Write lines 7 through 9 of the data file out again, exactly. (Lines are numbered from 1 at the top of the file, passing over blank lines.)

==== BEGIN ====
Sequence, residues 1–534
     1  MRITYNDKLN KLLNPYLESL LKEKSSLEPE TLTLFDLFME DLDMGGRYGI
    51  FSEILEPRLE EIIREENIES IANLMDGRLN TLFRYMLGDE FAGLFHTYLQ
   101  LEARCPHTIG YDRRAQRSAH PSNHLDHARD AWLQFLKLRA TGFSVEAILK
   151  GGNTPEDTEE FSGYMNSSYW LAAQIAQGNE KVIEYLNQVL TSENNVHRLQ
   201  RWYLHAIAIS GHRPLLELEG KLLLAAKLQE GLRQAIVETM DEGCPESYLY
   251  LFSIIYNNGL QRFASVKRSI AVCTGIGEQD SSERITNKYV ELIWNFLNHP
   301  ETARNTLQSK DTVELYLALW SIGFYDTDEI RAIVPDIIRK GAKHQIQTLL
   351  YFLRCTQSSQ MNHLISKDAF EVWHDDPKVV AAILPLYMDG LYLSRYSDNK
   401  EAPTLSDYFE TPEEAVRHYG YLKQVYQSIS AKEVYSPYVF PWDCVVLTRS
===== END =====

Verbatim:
   251  LFSIIYNNGL QRFASVKRSI AVCTGIGEQD SSERITNKYV ELIWNFLNHP
   301  ETARNTLQSK DTVELYLALW SIGFYDTDEI RAIVPDIIRK GAKHQIQTLL
   351  YFLRCTQSSQ MNHLISKDAF EVWHDDPKVV AAILPLYMDG LYLSRYSDNK